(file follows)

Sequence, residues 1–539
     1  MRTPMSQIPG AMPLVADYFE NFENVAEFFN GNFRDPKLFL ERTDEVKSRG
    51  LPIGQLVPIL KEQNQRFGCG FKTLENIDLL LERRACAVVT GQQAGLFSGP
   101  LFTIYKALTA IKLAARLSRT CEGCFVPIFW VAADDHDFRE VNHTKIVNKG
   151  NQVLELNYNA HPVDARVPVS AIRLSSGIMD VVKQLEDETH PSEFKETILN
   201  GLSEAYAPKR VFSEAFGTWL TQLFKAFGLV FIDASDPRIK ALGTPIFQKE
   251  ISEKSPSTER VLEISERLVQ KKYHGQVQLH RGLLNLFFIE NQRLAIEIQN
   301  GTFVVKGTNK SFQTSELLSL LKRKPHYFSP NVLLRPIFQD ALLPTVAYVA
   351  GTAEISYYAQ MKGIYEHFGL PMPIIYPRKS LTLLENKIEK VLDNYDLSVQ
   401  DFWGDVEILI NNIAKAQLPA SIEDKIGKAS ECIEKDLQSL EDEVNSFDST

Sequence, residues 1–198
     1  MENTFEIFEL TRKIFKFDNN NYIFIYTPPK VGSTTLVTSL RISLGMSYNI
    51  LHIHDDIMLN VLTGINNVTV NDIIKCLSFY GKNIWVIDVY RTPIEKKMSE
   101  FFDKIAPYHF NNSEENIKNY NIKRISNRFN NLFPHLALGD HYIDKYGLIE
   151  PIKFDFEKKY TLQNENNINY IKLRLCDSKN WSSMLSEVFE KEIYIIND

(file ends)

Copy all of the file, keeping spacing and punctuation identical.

Sequence, residues 1–539
     1  MRTPMSQIPG AMPLVADYFE NFENVAEFFN GNFRDPKLFL ERTDEVKSRG
    51  LPIGQLVPIL KEQNQRFGCG FKTLENIDLL LERRACAVVT GQQAGLFSGP
   101  LFTIYKALTA IKLAARLSRT CEGCFVPIFW VAADDHDFRE VNHTKIVNKG
   151  NQVLELNYNA HPVDARVPVS AIRLSSGIMD VVKQLEDETH PSEFKETILN
   201  GLSEAYAPKR VFSEAFGTWL TQLFKAFGLV FIDASDPRIK ALGTPIFQKE
   251  ISEKSPSTER VLEISERLVQ KKYHGQVQLH RGLLNLFFIE NQRLAIEIQN
   301  GTFVVKGTNK SFQTSELLSL LKRKPHYFSP NVLLRPIFQD ALLPTVAYVA
   351  GTAEISYYAQ MKGIYEHFGL PMPIIYPRKS LTLLENKIEK VLDNYDLSVQ
   401  DFWGDVEILI NNIAKAQLPA SIEDKIGKAS ECIEKDLQSL EDEVNSFDST

Sequence, residues 1–198
     1  MENTFEIFEL TRKIFKFDNN NYIFIYTPPK VGSTTLVTSL RISLGMSYNI
    51  LHIHDDIMLN VLTGINNVTV NDIIKCLSFY GKNIWVIDVY RTPIEKKMSE
   101  FFDKIAPYHF NNSEENIKNY NIKRISNRFN NLFPHLALGD HYIDKYGLIE
   151  PIKFDFEKKY TLQNENNINY IKLRLCDSKN WSSMLSEVFE KEIYIIND